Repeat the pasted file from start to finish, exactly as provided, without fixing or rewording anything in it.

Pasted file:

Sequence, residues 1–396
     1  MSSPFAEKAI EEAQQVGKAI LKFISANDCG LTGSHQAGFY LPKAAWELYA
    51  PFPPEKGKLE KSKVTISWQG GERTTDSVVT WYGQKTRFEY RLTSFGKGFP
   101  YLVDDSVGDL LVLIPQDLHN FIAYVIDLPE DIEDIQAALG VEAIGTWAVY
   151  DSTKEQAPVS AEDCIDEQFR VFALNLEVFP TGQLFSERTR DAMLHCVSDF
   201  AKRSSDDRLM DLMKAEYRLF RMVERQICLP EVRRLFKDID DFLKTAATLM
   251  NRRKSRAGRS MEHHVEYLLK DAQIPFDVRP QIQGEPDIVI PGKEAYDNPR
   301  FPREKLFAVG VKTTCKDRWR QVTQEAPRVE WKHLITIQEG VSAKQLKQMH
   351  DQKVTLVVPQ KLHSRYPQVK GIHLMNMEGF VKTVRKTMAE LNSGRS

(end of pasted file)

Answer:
Sequence, residues 1–396
     1  MSSPFAEKAI EEAQQVGKAI LKFISANDCG LTGSHQAGFY LPKAAWELYA
    51  PFPPEKGKLE KSKVTISWQG GERTTDSVVT WYGQKTRFEY RLTSFGKGFP
   101  YLVDDSVGDL LVLIPQDLHN FIAYVIDLPE DIEDIQAALG VEAIGTWAVY
   151  DSTKEQAPVS AEDCIDEQFR VFALNLEVFP TGQLFSERTR DAMLHCVSDF
   201  AKRSSDDRLM DLMKAEYRLF RMVERQICLP EVRRLFKDID DFLKTAATLM
   251  NRRKSRAGRS MEHHVEYLLK DAQIPFDVRP QIQGEPDIVI PGKEAYDNPR
   301  FPREKLFAVG VKTTCKDRWR QVTQEAPRVE WKHLITIQEG VSAKQLKQMH
   351  DQKVTLVVPQ KLHSRYPQVK GIHLMNMEGF VKTVRKTMAE LNSGRS